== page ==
Once we arrive in the calmer waters of Bransfield and Gerlache Straits, we hope to make landings and/or go kayaking two to three times a day. To get ashore we will use Zodiacs (inflatable rubber boats). You will have been briefed on the workings of these sturdy craft and their use, during our Drake Passage crossing. Sometimes we will cruise along spectacular ice cliffs, or make contact with whales, penguins and seals. In these situations we will appreciate the distinct advantage of being on a small vessel, which gives everyone the opportunity to experience these very special close encounters with wildlife.
Our Western chefs serve hearty meals in our cosy dining rooms. Accompanied by good conversation, they will become a focal point of our shipboard life.
A sample of the many exciting places that we would like to visit follows:
A unique landing place on the Peninsula – tiny toes of land that are literally alive with wildlife. Here we will find two species of penguins breeding; chinstraps and gentoos.
It is not uncommon to find wallows of elephant seals that are 60 beasts strong. Giant petrels nest on the ridgeline. The vegetation consists of mosses, lichens and the only grass species that grows in Antarctica. All this is set against a stunning backdrop, underneath long black scree slopes at the foot of the mountains and glaciers of Livingston Island.
Half Moon Island
A wildlife rich island tucked into a neat bay at the eastern end of Livingston Island. On a clear day the glaciers and mountains of Livingston Island dominate the scene. There is a large chinstrap penguin rookery tucked in between basaltic turrets colored by yellow and orange lichens. Gulls nest on these turrets and there are often fur seals and elephant seals hauled out on the pebble beaches. At one extremity of the island there is a large colony of nesting blue-eyed shags. At the other end lies a small Argentine station that is sometimes occupied by scientists conducting research on the penguin colony and surrounding waterways.
Visiting Deception Island is like making a journey to the moon. We sail through the narrow opening of Neptune’s Bellows to enter the flooded volcanic crater. Inside is an unworldly scene, virtually devoid of life. Glaciers flow down from the edge of the crater, littered by black volcanic ash. We can explore the lifeless remains of a derelict whaling station and a vacant British base, or climb to the rim of the crater. Steam often rises from the shore indicating that the water is actually warm enough for a swim, for those who dare. Outside the crater, if conditions allow, we might land at Bailey Head to explore the enormous chinstrap penguin rookery that featured in David Attenborough’s Life in the Freezer series.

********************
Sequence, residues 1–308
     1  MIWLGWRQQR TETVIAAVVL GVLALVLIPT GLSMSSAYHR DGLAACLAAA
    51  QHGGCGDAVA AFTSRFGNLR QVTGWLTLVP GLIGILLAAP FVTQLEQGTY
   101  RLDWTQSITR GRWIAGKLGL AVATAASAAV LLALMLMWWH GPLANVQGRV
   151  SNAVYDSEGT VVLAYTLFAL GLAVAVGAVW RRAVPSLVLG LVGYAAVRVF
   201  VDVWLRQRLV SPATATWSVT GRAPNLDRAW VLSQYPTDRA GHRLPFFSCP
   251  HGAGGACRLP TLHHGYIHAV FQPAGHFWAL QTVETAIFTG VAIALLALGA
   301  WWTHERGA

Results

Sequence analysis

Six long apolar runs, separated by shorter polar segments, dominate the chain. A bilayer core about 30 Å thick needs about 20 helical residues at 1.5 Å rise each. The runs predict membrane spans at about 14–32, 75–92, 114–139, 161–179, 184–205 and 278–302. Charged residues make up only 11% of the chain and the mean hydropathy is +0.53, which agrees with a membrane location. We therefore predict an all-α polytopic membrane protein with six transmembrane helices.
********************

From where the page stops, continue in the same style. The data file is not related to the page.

A protected bay surrounded by magnificent peaks and spectacular glaciers, the rocky cliffs of this unforgettable piece of heaven provide perfect nesting sites for blue-eyed shags, terns and gulls. The serenity of Paradise Harbor envelops us once the sound of the dropping anchor fades from our ears. This is a haven for whales and we keep our eyes open for humpbacks, orcas and minkes, as well as crabeater seals, as we explore the bay in Zodiacs. Imagine being so close to a whale that when he surfaces to blow, the fishy spray of his exhalation momentarily blurs your vision. Words cannot describe this experience.
If the ice conditions allow, standing on the bow of Polar Pioneer and quietly moving through the narrow Lemaire Channel could be one of the highlights of our voyage. Cliffs tower 2,000 ft (700 m) directly above the ship. The water can be so still that perfect reflections are mirrored on the surface. Gigantic icebergs clog the channel, creating navigational challenges for our captain and crew; occasionally they may even obstruct our passage.
This group of low-lying unprotected granitic rocks protrude from the sea, swept by ocean swells. At first these rocks appear uninteresting, but on closer investigation, calm channels lead to a hidden interior where Weddell seals are hauled out on protected snow beds and noisy chinstraps raise their families on rocky platforms. Hydrurga is Latin for leopard seal, and on occasions we see some skulking in the shallows. There are many places to simply sit and watch the rise and fall of clear green water and listen to the magic sounds and calls of the wildlife.
Other places we may visit around the Antarctic Peninsula are: Petermann Island; Penola Strait; Neko Harbor; Antarctic Sound; and Scientific Bases of Ferraz (Brazilian), Vernadsky (Ukrainian) or Port Lockroy, a historic British base that is now a museum and post office.
Days 9-10: Drake Passage
Time to head back to Argentina’s Tierra del Fuego, with lectures and videos to complete our Antarctic education. This is a time for reflection and discussion about what we have seen and felt, and the impact this voyage has had on our attitude to life.
As we approach the tip of South America, our Captain may sail close to legendary Cape Horn, weather conditions permitting.
Day 11: Beagle Channel, Ushuaia, Argentina
During the early morning we cruise up the Beagle Channel, before quietly slipping into dock in Ushuaia. It’s a busy time, saying farewell to our crew and to fellow passengers who have shared the intensity of exploring this magnificent white wilderness. We head off in our different directions, hopefully with a newfound sense of the immense power of nature.